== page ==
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Discussion Starter · #1 ·
Well I have made my mind for two motorcycles the r3 and the kawasaki ninja 300 ABS(I have heard this little ninja is the best option for new unexperienced riders) well r3 has its own benefits but should I start riding with out ABS (I can afford a 6k+ bike and I think a 300cc+ is a good start nvm I would like to hear ur opinions. (Help the newbies) ;-)
 

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Do not learn to ride on ABS,
It should be banned from LAMS bikes.


you'll never learn correct technique, just bad habits,
and the second you get your big boy bike you'll bit the big one.... HARD.
 

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Discussion Starter · #3 ·
First of all thanks for replying, I have heard that if ur bike has Abs is more steady in wet roads... Etc also I would like to hear ur opinions about the ninja 300 and r3 if u can of course. ;P(Btw I live in Eu,Greece and experienced with mountain bikes <3 since for ever)
 

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Discussion Starter · #4 ·
first of all thanks for replying, i have heard that if ur bike has abs is more steady in wet roads... Etc also i would like to hear ur opinions about the ninja 300 and r3 if u can of course. ;p(btw i live in eu,greece and i am experienced with mountain bikes <3 since for ever)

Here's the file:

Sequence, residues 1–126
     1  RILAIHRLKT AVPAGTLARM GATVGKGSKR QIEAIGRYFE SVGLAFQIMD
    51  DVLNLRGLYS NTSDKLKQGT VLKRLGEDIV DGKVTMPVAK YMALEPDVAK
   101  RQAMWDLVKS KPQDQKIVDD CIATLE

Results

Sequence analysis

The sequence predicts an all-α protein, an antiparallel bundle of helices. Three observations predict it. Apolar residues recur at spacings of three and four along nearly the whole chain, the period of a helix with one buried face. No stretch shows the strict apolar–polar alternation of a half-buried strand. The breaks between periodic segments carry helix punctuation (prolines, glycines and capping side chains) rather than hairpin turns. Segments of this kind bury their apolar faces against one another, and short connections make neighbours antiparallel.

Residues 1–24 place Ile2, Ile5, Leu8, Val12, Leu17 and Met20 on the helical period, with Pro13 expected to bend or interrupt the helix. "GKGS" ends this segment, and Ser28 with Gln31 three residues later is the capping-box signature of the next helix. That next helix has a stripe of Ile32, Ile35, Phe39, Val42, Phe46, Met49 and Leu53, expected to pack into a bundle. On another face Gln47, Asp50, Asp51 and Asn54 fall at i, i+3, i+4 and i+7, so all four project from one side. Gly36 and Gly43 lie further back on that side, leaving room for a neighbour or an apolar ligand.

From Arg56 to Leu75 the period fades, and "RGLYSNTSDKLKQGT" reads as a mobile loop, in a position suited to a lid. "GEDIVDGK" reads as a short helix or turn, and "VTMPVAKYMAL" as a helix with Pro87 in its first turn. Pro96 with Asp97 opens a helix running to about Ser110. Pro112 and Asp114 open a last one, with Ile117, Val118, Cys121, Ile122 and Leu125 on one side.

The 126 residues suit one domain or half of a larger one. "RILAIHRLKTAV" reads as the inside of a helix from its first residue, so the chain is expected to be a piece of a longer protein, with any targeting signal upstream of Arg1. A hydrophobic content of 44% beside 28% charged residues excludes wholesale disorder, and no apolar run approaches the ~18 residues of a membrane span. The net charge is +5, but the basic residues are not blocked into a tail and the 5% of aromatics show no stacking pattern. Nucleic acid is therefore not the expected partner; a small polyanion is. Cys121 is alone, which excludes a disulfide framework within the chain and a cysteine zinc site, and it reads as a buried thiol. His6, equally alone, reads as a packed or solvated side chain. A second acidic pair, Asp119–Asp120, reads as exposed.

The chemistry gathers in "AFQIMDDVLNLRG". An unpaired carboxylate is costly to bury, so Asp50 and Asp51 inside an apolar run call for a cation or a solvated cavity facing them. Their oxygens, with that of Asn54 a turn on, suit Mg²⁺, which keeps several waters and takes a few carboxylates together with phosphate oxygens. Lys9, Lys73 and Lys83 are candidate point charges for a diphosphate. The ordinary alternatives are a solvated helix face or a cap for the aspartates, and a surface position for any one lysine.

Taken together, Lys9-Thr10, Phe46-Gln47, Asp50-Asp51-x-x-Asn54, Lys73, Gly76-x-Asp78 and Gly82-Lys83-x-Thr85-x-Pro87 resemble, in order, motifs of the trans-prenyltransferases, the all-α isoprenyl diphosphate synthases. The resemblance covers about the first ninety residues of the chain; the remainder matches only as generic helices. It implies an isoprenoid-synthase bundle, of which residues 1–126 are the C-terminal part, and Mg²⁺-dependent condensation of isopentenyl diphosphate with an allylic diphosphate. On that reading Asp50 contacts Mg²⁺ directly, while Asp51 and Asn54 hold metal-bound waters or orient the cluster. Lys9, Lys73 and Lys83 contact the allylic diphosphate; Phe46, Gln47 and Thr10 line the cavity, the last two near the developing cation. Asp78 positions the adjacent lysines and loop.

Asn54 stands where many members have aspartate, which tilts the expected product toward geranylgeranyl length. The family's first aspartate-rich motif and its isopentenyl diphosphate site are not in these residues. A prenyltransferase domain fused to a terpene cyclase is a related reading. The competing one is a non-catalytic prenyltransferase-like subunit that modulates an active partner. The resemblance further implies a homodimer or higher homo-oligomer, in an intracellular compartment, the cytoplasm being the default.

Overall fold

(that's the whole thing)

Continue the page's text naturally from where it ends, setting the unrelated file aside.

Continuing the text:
;333
 

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Discussion Starter · #5 ·
Do not learn to ride on ABS,
It should be banned from LAMS bikes.


you'll never learn correct technique, just bad habits,
and the second you get your big boy bike you'll bit the big one.... HARD.[/QUOTE ]First of all thanks for replying, I have heard that if ur bike has Abs is more steady in wet roads... Etc also I would like to hear ur opinions about the ninja 300 and r3 if u can of course. ;P(Btw I live in Eu,Greece and i am experienced with mountain bikes <3 since for ever)